Separated six weeks ago in Arizona, Yeni Gonzalez finally saw her children Tuesday, if only for a visit to the East Harlem foster care facility where they were brought.
"This has been the worst thing that happened to me in my life," Gonzalez said through an interpreter.
It's a story repeating across the country. Of the more than 2,000 separated children said to be in the United States as of last week, few if any are thought to be back with their parents, despite a court order requiring the federal government soon make it happen.
More than 200 children have been brought to the city after they were separated from their families detained at the border due to President Trump's "zero tolerance" policy towards illegal immigration.
"All I can say is we're not yet aware of any children, who have been placed in New York City, who have been reunited with their parents in this country through the federal government," said David Hansell, the commissioner of the city's Administration for Children's Services
The court order requires the separated children talk to a parent by this Friday, July 6.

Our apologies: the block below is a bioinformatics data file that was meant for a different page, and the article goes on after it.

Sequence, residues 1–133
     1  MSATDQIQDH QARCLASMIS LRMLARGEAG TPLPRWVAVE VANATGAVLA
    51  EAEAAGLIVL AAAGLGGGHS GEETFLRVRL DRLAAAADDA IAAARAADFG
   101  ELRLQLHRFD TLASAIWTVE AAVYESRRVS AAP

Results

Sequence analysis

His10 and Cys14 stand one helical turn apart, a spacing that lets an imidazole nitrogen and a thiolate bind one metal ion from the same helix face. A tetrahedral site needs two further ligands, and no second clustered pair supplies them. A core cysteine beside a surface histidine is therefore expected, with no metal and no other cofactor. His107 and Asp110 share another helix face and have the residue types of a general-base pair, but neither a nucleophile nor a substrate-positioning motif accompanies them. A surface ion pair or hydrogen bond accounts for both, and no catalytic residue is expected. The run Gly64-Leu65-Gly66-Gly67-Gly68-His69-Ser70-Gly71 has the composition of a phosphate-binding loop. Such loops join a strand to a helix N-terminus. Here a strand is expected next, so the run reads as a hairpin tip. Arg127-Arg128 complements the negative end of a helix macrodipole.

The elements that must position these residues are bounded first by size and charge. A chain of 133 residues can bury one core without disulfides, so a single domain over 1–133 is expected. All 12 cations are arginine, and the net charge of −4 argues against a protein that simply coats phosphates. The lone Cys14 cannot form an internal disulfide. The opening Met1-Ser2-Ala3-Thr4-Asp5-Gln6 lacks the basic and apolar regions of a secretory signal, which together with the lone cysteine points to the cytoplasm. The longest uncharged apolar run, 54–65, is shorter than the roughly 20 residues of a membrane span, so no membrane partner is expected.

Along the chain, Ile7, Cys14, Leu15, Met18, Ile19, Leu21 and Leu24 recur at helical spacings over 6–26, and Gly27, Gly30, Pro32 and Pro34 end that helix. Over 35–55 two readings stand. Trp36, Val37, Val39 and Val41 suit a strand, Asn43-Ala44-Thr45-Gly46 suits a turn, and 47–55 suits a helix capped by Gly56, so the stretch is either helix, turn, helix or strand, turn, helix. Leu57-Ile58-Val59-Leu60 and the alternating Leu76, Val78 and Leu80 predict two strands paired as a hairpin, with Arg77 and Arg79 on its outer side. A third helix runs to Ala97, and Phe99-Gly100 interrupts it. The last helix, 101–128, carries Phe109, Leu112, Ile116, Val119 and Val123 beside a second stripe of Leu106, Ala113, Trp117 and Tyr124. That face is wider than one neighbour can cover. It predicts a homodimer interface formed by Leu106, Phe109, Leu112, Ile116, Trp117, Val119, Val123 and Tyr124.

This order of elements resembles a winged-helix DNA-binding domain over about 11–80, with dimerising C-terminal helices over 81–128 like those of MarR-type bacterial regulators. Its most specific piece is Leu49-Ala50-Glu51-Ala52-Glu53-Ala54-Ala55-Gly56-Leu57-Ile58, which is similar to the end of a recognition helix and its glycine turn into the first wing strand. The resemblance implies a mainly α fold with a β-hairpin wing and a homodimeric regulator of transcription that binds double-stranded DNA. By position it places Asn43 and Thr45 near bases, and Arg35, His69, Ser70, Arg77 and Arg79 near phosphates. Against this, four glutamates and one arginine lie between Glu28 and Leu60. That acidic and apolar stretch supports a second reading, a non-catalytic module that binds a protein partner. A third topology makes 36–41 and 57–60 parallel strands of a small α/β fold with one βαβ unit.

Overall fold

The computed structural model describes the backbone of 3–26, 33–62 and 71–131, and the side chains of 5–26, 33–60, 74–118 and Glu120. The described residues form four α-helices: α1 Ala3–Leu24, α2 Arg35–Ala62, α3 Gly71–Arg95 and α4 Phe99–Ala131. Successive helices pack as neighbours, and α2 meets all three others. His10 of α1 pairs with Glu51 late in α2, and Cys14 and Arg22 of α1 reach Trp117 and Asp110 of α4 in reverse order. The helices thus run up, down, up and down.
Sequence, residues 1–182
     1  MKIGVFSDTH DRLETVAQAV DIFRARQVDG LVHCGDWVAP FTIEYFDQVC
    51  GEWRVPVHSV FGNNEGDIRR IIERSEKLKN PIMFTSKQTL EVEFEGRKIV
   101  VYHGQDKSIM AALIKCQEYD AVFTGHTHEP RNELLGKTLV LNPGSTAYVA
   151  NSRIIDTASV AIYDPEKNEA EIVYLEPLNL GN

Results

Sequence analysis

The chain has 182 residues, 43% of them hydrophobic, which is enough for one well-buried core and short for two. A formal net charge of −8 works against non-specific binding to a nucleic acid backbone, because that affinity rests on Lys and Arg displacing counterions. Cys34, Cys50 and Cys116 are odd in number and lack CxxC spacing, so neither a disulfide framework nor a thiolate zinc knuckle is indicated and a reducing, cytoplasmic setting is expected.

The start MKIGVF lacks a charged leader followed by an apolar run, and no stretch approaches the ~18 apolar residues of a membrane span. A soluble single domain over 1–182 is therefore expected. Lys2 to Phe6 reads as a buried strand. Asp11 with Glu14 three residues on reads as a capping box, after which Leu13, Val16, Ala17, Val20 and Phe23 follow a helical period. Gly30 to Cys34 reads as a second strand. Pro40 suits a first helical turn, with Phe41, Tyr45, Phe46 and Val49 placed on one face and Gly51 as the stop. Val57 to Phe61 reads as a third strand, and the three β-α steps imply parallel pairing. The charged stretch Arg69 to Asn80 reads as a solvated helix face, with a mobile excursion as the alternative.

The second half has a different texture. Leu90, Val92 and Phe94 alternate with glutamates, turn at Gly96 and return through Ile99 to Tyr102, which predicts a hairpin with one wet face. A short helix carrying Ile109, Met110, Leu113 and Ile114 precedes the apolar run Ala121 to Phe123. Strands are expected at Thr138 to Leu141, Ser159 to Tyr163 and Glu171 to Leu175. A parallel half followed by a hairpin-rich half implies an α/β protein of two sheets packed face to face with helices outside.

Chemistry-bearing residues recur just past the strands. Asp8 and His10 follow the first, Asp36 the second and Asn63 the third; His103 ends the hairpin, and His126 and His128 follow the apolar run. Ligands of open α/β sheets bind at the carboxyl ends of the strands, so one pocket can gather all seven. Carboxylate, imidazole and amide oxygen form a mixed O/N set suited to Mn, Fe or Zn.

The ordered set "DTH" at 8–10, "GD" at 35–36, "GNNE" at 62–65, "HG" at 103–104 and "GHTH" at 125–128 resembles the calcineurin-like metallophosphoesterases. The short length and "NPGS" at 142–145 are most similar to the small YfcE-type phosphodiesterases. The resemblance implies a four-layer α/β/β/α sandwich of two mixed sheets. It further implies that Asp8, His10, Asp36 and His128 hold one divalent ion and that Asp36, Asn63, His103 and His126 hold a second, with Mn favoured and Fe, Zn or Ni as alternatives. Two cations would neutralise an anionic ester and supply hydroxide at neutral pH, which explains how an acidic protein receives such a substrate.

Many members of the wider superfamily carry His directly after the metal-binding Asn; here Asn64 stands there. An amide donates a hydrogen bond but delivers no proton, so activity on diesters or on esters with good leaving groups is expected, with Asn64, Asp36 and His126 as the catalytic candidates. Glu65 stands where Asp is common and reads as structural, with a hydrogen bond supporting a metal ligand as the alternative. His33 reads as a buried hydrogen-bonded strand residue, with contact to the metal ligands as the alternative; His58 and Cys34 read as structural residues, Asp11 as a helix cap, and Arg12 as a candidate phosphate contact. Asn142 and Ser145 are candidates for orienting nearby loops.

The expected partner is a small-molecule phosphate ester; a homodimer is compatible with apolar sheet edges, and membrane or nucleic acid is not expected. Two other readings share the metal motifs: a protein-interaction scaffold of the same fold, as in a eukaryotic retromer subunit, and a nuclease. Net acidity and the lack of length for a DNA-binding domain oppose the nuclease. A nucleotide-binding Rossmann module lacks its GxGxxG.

By July 10, kids under five must be reunited with a parent.
And by July 26, all children need to be back with a parent, even if in custody.
The federal agency in charge didn't return our request for comment.
City officials also say the Trump Administration is giving them the brush off. "We have been reaching out for several weeks now," Hansell said.
Instead, the city is getting information from the foster agencies.
It's also announcing help in the form of psychiatric care, health care, training to deal with trauma, legal assistance, field trips, art supplies, and toys.
Once just images, the traumatic stories are slowly emerging in a lawsuit filed against the federal government from a coalition of state attorney generals, including New York's.
In one sworn document, a Honduran woman said "death threats" prompted her to leave with her six-year-old.
"My son Jelsin and I were separated. I was not told where he was being taken," she said after their May 18 border crossing.
She is Washington state while her son is in New York, although it is unclear where.
She said they've since talked once, over the phone: "I was able to talk to my son but he was only able to say a few words. He was just crying. Upon hearing his sobs, I told him everything would be all right, that he should not worry, that God would help us."
It's a story Yeni Gonzalez knows well. "I don't want to ever leave their arms again," she said Tuesday.
As for Gonzalez, she's staying in Queens, applying for asylum, visiting her children as often as she can, as she tries to get them released from foster care.